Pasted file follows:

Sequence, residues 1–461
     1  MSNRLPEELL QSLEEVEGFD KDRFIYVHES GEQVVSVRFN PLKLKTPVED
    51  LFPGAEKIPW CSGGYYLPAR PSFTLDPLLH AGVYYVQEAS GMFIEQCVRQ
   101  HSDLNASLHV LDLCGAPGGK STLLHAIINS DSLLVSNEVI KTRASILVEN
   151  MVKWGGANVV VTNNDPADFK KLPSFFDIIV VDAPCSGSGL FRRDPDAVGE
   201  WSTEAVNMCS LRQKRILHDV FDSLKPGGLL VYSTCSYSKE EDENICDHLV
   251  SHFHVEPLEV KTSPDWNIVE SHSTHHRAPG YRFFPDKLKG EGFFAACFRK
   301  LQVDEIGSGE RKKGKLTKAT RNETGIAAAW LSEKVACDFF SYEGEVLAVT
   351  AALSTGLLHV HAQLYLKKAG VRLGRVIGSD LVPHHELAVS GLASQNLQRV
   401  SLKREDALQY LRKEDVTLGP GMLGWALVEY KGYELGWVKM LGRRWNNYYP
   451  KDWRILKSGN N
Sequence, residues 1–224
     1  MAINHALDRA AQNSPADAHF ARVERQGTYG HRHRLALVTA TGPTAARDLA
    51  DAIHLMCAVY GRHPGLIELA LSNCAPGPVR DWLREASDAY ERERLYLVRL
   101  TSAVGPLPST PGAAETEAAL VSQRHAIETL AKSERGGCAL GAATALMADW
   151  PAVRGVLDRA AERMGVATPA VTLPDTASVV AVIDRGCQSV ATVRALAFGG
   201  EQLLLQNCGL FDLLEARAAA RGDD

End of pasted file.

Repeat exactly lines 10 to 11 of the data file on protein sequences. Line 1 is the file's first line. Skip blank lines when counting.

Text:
   401  SLKREDALQY LRKEDVTLGP GMLGWALVEY KGYELGWVKM LGRRWNNYYP
   451  KDWRILKSGN N